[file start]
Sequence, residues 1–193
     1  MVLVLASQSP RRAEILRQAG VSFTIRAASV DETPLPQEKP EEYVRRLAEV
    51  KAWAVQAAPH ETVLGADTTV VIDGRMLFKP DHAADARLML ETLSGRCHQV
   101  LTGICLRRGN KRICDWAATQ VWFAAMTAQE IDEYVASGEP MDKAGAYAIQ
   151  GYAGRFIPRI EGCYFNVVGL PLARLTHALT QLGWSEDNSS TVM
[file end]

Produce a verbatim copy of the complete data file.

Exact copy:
Sequence, residues 1–193
     1  MVLVLASQSP RRAEILRQAG VSFTIRAASV DETPLPQEKP EEYVRRLAEV
    51  KAWAVQAAPH ETVLGADTTV VIDGRMLFKP DHAADARLML ETLSGRCHQV
   101  LTGICLRRGN KRICDWAATQ VWFAAMTAQE IDEYVASGEP MDKAGAYAIQ
   151  GYAGRFIPRI EGCYFNVVGL PLARLTHALT QLGWSEDNSS TVM